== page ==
May 25 2019
At least for now young students have a new school. Teachers and staff from Marysville Elementary School stream into Rose City Park Elementary. School buses are pulling up to the school, giving students a first glimpse of their new surroundings.
Banners welcoming students hang over the entrance to the building.
Volunteers spent all weekend getting the huge building all cleaned up and kid-friendly again. It was closed two years ago due to budget cuts.
Teachers say they think the kids will love their temporary school because it's three stories tall. Marysville was only one story tall.
As students arrived, electricians were working on one last detail: turning on exterior lights. "This is the last thing," said Portland schools electrician Bob Jacobs.
Over the weekend, scores of volunteers descended on the school to get it ready for Marysville students.
Marysville’s head custodian said the fire appeared concentrated in kindergarten and third grade classrooms. She said fire alarms went off during lunch period and the children filed out in an orderly fashion.
The custodian also said the fire might have started in the Discovery Zone, a hands-on classroom that allows students to learn about physics and engineering.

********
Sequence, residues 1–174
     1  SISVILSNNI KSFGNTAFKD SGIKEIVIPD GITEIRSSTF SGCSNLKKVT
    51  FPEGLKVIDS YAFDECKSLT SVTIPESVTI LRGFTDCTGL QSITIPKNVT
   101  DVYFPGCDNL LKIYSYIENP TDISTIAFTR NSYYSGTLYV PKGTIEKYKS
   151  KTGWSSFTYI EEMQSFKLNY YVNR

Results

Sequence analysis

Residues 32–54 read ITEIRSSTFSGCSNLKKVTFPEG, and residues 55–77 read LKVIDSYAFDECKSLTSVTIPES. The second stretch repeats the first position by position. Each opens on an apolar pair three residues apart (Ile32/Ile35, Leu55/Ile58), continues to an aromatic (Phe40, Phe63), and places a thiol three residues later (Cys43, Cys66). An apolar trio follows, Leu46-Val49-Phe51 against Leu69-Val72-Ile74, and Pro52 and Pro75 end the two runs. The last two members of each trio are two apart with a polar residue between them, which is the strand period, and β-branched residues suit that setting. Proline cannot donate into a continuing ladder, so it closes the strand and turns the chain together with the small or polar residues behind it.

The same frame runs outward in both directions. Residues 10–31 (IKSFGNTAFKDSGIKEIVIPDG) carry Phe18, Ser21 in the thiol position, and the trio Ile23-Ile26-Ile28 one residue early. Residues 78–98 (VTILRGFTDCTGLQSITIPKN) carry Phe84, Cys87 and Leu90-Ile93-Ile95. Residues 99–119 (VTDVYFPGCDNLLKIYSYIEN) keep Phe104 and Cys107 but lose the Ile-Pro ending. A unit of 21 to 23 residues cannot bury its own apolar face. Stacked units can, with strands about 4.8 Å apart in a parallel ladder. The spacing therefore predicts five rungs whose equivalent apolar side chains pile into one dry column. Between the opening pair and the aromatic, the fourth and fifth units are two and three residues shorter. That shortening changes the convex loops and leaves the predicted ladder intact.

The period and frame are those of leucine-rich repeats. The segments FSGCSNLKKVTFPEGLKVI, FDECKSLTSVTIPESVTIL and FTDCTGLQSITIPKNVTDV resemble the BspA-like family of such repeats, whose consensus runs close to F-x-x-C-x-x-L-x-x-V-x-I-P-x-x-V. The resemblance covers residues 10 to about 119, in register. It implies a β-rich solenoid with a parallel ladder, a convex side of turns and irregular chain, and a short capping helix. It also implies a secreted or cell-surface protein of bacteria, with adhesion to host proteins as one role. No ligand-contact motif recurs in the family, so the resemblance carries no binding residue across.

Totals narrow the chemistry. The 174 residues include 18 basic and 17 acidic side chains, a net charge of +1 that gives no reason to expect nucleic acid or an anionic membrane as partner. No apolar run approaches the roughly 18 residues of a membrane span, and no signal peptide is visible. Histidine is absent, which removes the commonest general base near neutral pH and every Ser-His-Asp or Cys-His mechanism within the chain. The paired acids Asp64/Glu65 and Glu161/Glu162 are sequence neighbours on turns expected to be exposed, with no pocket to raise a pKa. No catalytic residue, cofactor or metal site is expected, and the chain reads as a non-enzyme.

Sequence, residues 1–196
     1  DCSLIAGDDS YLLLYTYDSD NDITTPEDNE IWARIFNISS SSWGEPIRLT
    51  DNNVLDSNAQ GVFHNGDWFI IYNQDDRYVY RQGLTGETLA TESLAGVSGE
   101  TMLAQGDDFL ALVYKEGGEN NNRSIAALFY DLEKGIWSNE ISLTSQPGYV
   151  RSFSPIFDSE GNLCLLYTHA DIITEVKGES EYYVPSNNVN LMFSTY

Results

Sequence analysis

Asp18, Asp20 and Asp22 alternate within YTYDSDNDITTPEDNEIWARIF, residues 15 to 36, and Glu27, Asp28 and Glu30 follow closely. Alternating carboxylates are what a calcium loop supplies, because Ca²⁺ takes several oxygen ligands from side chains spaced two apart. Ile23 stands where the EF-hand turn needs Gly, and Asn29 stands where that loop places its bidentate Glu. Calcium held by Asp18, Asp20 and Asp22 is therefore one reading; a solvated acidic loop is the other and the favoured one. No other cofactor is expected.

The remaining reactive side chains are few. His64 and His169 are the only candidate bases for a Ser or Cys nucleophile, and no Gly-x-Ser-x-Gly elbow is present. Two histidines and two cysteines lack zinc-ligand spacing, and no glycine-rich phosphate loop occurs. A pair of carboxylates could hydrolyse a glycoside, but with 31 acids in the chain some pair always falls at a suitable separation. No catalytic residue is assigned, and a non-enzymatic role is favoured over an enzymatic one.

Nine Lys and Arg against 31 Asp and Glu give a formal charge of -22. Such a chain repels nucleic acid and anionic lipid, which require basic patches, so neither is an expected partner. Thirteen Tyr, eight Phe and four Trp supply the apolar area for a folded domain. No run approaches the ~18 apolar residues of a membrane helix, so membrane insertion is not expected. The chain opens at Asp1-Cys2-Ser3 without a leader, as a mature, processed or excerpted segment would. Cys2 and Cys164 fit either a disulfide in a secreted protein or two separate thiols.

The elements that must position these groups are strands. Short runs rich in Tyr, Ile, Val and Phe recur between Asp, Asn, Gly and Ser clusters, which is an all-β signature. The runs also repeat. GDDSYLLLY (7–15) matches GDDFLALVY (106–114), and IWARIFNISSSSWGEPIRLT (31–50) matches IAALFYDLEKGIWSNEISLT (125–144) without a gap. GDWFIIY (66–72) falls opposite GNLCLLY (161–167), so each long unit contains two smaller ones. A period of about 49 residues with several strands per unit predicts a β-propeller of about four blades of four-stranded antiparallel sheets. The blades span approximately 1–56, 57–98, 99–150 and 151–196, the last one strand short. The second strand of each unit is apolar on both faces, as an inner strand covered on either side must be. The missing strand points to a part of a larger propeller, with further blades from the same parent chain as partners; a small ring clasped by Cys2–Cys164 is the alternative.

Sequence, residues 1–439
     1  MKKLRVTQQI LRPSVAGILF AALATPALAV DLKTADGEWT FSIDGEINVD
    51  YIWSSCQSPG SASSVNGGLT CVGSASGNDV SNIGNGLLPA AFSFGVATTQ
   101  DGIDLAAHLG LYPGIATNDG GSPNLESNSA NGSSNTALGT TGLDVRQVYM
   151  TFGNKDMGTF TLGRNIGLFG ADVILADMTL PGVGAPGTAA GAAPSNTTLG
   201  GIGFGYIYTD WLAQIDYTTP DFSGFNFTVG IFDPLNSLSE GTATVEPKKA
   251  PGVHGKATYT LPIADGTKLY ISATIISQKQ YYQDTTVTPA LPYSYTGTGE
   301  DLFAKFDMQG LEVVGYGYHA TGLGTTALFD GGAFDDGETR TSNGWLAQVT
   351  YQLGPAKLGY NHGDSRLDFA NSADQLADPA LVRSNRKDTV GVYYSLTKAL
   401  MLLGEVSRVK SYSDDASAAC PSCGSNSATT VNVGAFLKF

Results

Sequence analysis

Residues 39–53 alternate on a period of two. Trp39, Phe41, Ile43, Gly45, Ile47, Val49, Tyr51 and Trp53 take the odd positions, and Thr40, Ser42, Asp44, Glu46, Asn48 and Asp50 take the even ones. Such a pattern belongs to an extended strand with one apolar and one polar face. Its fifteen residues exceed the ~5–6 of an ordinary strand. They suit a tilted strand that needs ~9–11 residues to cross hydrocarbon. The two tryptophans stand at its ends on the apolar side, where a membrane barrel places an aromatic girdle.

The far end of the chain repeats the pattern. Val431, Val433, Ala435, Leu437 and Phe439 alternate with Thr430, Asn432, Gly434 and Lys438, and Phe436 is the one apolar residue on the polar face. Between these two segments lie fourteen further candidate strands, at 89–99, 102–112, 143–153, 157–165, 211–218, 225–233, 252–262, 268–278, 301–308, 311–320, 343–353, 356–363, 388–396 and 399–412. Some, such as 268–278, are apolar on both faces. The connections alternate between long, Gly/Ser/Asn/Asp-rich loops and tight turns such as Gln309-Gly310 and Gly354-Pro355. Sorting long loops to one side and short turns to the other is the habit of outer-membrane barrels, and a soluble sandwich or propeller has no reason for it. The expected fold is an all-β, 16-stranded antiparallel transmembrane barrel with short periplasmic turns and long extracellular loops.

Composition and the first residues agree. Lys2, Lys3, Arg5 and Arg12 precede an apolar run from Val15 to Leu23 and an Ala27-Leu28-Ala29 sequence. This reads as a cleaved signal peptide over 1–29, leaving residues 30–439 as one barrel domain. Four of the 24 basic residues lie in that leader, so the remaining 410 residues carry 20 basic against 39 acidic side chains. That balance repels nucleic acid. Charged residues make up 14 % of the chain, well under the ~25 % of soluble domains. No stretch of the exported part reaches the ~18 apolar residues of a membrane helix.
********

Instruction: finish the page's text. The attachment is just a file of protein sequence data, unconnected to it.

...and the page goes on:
The kindergarten-through-eighth grade school offers a range of courses, including full-day kindergarten programs, SUN (Schools Uniting Neighborhoods) classes and Saturday Academy classes. The school's playground had recently been renovated at a cost of $1.3 million from community partnerships, but was left untouched by the fire.
Marysville School, built in 1921, did not have fire sprinklers because the district has not had the resources to retrofit every school.
The displaced students and teachers will stay at Rose City Park, about five miles from Marysville, for the rest of the school year, said Portland Public Schools Superintendent Carole Smith. "We want them to settle in here," she said. "This is their new home."